Sinatra was on the road a great deal in 1977 but Dean mostly stayed put in Las Vegas, he had no desire to travel, he lived to play golf. It was an unlikely booking.
As a request from the owner of The Latin Casino in Cherry Hill, NJ, Frank asked Dean to accompany him for a month of shows starting with 2 weeks at the Westchester Premier Theater in Tarrytown, New York on May 17, 1977. Next they performed a week at The Latin Casino and ended their run at Chicago’s fabled Sabre Room.
In my research I came across actual table-top recordings from many of the shows at the Latin Casino, and further down the road as well, captured on portable tape recorders fans brought with them. Both entertainers were at the top of their games in 1977. Though people at that time complained that Sinatra had lost his voice he sounds amazingly vigorous here, a creamy richness.
These selections were recorded from nights at the Latin Casino & Westchester Premier. Frank & Dean did 2 shows a night.
Dean from the 1977 Rat Pack tour: “Here’s a song that maybe six or seven of you might remember. And I hope I’m one of ’em.”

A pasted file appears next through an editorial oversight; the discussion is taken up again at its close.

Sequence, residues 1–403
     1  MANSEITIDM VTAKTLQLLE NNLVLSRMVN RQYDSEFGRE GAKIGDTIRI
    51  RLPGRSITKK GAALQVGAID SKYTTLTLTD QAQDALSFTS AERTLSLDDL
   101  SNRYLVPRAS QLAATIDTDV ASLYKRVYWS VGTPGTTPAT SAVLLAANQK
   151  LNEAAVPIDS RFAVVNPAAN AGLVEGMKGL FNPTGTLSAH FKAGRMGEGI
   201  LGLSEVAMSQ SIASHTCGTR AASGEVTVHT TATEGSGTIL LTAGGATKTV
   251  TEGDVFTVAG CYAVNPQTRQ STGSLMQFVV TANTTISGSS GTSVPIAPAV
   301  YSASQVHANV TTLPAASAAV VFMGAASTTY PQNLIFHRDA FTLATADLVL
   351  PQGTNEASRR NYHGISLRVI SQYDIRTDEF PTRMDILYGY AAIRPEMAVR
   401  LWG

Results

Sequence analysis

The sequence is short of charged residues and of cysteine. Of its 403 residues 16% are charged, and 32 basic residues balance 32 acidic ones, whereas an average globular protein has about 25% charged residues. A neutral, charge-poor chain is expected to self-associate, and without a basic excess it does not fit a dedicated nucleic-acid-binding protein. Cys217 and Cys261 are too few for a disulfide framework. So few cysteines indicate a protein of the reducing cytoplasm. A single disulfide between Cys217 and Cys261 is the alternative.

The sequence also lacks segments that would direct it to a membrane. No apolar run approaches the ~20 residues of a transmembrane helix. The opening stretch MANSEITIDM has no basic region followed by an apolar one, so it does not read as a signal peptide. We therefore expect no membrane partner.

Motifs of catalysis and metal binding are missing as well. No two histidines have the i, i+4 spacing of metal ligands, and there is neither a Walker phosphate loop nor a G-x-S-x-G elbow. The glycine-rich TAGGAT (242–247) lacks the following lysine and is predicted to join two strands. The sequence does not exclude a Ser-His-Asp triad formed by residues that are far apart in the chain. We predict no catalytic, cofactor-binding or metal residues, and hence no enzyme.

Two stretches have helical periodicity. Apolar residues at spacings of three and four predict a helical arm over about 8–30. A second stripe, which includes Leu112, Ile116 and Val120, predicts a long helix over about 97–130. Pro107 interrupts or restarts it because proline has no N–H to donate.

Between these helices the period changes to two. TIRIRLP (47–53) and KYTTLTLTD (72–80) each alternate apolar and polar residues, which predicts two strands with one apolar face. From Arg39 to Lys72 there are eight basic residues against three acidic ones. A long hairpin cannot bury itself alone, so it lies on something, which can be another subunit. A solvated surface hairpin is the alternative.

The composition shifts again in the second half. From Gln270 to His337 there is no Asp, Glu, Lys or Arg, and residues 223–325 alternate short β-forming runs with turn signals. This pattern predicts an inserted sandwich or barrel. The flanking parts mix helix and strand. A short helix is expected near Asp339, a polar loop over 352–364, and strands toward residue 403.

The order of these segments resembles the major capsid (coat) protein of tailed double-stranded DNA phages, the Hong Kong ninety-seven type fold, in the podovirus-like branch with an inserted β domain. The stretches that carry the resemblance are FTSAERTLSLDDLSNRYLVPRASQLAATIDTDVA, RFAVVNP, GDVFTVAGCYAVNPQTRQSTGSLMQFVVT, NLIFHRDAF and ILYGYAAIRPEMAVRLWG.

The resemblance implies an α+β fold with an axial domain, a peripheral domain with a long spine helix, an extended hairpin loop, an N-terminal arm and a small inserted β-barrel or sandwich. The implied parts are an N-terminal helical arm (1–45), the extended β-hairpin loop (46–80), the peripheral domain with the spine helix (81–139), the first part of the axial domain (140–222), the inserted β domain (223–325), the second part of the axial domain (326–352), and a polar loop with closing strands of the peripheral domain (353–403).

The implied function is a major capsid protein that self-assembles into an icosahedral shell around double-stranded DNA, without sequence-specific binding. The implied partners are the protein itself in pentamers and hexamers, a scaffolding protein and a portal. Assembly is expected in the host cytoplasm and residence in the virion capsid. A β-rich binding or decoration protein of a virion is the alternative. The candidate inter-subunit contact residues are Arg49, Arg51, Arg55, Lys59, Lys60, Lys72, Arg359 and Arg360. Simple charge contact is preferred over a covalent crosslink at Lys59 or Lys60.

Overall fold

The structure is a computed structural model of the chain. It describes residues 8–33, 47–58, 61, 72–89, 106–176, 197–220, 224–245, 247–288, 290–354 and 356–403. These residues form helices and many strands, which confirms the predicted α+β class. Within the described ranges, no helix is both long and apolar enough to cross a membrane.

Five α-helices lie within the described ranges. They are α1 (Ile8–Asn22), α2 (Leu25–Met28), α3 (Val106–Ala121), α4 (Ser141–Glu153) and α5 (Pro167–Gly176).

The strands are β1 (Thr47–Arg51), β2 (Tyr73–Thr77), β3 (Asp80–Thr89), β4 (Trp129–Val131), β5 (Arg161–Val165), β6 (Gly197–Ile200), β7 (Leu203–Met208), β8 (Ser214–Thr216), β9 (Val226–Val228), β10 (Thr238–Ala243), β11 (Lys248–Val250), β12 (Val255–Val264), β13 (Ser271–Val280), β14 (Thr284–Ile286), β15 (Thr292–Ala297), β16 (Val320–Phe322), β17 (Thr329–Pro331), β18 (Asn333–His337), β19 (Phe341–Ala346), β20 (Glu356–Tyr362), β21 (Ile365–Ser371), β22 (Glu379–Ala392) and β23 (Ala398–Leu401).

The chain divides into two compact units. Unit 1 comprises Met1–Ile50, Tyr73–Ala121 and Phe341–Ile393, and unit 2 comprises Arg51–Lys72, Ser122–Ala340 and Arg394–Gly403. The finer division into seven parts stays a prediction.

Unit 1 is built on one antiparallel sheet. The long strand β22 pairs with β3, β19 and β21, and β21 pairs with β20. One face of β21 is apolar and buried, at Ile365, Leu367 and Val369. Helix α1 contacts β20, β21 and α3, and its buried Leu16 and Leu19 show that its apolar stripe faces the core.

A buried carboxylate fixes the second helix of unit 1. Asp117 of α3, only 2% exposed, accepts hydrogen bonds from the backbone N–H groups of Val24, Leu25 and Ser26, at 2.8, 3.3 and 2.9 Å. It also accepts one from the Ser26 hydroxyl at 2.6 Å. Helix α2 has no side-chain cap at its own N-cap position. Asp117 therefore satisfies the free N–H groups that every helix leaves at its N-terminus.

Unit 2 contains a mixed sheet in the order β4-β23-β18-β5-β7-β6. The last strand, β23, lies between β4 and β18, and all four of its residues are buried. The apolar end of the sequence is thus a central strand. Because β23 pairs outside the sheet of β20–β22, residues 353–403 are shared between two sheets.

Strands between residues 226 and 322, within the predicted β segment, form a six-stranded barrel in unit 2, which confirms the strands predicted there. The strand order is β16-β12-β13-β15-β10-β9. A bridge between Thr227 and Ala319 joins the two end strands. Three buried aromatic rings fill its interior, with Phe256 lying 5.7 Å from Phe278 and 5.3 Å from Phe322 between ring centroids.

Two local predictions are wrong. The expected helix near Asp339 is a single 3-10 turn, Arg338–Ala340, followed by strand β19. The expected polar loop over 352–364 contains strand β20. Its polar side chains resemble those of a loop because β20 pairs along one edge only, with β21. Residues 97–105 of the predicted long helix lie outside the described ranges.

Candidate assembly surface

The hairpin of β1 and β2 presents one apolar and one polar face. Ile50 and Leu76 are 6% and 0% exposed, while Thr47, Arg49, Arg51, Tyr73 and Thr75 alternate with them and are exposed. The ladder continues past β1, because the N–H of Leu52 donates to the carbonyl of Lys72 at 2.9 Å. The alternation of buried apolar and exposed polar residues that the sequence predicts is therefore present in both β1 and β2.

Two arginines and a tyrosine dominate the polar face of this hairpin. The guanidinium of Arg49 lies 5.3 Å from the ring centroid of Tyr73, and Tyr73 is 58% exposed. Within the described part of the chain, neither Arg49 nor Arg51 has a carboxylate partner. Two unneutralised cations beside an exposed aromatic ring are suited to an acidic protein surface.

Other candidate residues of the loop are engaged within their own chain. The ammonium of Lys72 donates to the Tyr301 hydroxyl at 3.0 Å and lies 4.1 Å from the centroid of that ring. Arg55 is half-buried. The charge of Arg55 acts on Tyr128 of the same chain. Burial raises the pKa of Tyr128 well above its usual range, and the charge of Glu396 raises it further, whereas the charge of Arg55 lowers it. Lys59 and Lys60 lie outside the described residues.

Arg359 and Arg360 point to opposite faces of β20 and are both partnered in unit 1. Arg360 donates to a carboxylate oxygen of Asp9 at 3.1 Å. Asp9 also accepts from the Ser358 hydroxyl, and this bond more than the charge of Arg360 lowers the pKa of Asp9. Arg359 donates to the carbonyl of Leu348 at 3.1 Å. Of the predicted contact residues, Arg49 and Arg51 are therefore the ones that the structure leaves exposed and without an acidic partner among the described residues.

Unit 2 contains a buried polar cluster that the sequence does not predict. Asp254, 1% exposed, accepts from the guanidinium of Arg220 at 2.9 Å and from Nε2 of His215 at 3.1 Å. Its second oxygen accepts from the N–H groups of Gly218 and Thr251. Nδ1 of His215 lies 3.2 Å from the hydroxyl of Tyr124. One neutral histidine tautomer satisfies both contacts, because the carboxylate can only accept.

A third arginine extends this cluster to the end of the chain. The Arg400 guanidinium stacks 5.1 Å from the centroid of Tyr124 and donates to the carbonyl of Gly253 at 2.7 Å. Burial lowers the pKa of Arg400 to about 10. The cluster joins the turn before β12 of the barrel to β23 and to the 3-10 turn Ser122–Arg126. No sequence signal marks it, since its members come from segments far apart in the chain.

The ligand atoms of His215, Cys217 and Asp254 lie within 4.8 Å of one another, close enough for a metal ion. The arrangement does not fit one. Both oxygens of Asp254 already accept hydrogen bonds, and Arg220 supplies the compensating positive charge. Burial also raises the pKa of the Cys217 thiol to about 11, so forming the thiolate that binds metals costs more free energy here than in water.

Here from the Westchester is Dean's opening comedy monologue:
Frank sings his favorite 'saloon song' Here's That Rainy Day - he never sounded better than he does here. This is an incredible performance from the Westchester Premier.
From The Latin Casino stage Dean clowns around, sings his signature tune - then Frank hilariously
butts in from a mic backstage.
Dialogue from the 1977 Rat Pack tour:
Frank: I want to ask you a question. What the hell were you doing drinking 7-Up? How dare you, you’re out of the club.
Dean: I wasn’t drinking 7-Up.
Frank: What were you cleaning with it? Your lighter?
Dean: No, I was pouring it for Rocky.
Frank: Oh, Rocky. I didn’t know he drank 7-Up either. You go out with him now?
Dean: Yeah, what the hell? I’m gettin’ tired of them girls.
(Dean was dating a girl named Rocky at the time.)